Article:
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Thursday Thorns
The Gods Must Be Crazy

By Stephen Eliot

Make no mistake, there is a war going on among a handful of prominent wine writers that has a good many others choosing up sides in a most public way. It would be easy enough to see it as nothing new, no more than a warming of what has been a simmering cold war for some time, but things are heating up to the point that the conflict is getting hard to ignore. Voice after grating voice cannot wait to tell you just what you should think, and too many of them have the heady ring of righteousness in what is becoming a rancorous battle for the hearts and minds of wine lovers.

I am speaking, of course, of the latest round of insults hurled and defenses taken by followers of big-flavor advocate, Robert Parker Jr., and those to whom he has, in the past, referred as the “anti-flavor elite,” in this specific instance, the champions of what is being called the “New California” wine movement led by Jon Bonné of the San Francisco Chronicle and openly seconded by Eric Asimov of the New York Times.

I would neither praise nor bury Mr. Parker, nor would I damn his opponents for liking what they like, but I cannot but question the so very predictable agendas of the true-believing parties involved. Moreover, I have become increasingly dismayed at the “with us or against us” ethos of the same, and I wonder just who any of this is meant to serve. I am betting that the principals are delighting in the publicity. It sells books and subscriptions, but more than a few of us in the business are getting fed up. Wars are fought for reasons, and generally speaking one side or the other is the aggressor, but, for other than self-promotion, those reasons are not clear to me, and, in this case, the lines between offense and defense are both blurred and changing.

Alder Yarrow writes that “It’s a battle largely off the radar (and frankly of no real interest) to the average (or even above average) wine drinker. But even though it exists in the rarified air of the upper echelons of wine drinkers who pay attention to such things, that does not diminish its significance.”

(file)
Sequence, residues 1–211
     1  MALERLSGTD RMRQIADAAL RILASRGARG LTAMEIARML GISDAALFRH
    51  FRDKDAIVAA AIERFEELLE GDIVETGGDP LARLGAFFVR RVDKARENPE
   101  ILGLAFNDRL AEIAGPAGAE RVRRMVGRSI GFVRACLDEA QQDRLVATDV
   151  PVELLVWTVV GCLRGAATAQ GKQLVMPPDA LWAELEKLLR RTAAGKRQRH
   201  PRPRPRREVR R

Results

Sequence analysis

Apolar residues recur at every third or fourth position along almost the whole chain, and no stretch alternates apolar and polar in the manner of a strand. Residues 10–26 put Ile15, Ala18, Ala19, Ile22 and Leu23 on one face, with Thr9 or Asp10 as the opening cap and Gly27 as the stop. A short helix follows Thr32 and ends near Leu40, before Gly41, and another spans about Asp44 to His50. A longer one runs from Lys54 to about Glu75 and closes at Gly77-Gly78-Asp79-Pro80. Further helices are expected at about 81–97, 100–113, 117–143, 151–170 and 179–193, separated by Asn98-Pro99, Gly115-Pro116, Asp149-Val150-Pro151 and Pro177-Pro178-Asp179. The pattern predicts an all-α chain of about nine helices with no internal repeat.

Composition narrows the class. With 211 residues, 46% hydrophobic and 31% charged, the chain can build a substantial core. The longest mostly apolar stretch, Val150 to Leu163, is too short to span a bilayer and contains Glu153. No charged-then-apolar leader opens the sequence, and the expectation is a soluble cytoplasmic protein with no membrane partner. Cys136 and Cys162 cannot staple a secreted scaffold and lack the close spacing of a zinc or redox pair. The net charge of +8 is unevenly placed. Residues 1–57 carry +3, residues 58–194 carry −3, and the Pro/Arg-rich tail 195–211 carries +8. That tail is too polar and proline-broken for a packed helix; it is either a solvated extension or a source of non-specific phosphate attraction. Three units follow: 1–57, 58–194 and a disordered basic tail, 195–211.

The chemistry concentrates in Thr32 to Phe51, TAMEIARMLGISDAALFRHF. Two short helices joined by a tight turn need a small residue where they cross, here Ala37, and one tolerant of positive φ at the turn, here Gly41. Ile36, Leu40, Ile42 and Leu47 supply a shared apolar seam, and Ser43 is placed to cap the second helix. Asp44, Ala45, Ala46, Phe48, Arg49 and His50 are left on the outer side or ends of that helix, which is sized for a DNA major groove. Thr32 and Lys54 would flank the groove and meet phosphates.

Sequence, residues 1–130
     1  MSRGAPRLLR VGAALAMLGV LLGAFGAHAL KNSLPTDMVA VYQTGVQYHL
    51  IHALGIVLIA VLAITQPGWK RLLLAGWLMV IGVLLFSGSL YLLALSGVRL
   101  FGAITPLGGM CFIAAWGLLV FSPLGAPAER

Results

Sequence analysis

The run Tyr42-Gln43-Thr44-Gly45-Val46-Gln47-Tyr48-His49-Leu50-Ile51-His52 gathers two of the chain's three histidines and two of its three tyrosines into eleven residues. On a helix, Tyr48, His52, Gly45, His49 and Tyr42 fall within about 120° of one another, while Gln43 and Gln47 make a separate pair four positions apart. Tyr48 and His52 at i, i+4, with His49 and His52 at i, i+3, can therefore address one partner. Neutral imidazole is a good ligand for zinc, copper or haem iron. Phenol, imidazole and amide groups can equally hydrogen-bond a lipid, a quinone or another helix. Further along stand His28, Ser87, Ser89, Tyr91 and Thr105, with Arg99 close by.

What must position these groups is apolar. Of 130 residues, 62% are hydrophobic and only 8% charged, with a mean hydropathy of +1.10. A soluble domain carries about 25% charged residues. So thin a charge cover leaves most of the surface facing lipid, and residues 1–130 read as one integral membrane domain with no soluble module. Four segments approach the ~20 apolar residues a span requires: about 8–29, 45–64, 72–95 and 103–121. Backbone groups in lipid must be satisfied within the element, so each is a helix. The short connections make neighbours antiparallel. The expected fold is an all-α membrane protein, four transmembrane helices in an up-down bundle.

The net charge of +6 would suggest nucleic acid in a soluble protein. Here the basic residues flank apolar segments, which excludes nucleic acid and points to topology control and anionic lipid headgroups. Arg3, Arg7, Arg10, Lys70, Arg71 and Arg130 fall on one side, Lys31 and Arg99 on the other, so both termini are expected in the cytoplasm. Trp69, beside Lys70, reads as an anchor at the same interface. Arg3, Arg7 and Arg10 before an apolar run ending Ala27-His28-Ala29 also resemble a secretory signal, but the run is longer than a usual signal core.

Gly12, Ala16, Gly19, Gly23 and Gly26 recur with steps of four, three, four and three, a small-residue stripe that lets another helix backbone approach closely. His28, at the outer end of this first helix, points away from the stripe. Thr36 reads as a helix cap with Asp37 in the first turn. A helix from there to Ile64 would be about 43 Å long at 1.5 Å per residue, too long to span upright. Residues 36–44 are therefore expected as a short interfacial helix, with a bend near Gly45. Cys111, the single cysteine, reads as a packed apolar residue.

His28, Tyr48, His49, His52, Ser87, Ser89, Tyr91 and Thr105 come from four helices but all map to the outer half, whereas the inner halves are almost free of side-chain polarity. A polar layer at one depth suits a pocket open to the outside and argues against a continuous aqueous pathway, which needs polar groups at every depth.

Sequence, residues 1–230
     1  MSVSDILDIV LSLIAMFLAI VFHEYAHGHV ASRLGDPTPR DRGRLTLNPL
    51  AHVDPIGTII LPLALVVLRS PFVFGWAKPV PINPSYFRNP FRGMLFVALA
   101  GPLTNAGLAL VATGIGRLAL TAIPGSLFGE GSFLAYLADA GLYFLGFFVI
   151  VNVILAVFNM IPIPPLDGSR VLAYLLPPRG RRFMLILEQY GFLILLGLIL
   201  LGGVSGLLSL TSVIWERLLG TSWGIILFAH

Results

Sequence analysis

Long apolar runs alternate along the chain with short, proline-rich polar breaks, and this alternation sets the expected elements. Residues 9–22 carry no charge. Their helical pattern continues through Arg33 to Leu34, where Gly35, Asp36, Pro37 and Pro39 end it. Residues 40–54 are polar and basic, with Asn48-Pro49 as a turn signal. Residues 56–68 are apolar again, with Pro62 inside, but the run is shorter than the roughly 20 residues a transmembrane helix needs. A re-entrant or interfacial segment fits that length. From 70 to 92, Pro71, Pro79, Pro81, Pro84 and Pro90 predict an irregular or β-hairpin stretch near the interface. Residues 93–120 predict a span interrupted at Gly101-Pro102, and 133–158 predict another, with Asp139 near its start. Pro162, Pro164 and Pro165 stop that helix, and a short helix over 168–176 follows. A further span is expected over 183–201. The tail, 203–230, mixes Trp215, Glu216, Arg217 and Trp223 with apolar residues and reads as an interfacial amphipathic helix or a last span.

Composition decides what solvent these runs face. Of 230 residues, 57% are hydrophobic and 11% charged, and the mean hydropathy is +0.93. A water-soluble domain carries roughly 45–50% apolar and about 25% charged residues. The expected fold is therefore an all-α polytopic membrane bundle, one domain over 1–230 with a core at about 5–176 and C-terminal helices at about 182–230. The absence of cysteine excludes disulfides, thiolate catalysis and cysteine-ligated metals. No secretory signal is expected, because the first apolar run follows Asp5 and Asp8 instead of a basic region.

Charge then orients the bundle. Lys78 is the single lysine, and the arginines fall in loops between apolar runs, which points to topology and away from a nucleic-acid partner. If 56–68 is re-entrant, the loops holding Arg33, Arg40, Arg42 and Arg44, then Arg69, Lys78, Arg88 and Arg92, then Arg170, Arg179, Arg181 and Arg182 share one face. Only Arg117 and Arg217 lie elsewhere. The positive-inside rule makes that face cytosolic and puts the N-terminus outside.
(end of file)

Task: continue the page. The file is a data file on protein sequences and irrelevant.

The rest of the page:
I am not sure that it is quite so limited or so far off the radar. That argument is hard to reconcile with anxious claims that Parker is a danger because of his far-reaching influence, nor can the debate be seen as affecting but a rarified few when the two most influential proponents of “change” in wine taste write for very powerful newspapers with hundreds of thousands of readers. If the upper management of the New York Times and the San Francisco Chronicle think that Asimov and Bonné readers are uninterested and do not pay attention, then just maybe there is a reason that newspapers are in trouble. That, however, is a topic for another day.

No, I would argue that the debate is reaching the mainstream and must, in however a subtle or even insidious way, impact the decisions of retailers, sommeliers and necessarily consumers. The question is whether it has all that much life beyond that.

There is no question that Mr. Parker and his publication, The Wine Advocate, changed the face of wine criticism and the ways in which such criticism affects the market. Some maintain that he has dictated taste, while others would argue that his success has been based on identifying what people really like, and I suspect that there is a fair bit of truth in both views. I have, however, been doing what I do for a very long time and find specious the claims that the whole of California wine culture has been irremediably corrupted by him or anyone else for that matter. That he has wielded tremendous power is beyond debate, and there is room for dissenting voices, but I do not think that the consumers are so stupid and easily convinced to continually drink wines that they do not enjoy.

There are laudably innocent claims by his detractors that diversity of style and freedom of choice is their only goal, yet too many are revealed as being disingenuous when they subsequently and smugly dismiss a generation of California wines as having been the ripe and yet utterly artless creations of a “reactionary” winemaking culture driven by greed. Worse yet, they would revise history with the fabrication of a failed golden age and simplistic fables of California winemakers, most notably those in Napa Valley, having sold out and making commodity wines in which they did not really believe. Some of these dissenting voices would have the world believe that new and different, by definition, are somehow a priori “better.” Future greatness in California lies, at least in some minds, in lower levels of ripeness, more acidity and in varieties such as Carignane, Charbono and Gray Riesling, aka Trousseau Gris. And, there is a steady, not-quite-subliminal message that enduring vinous success depends on being more like the French.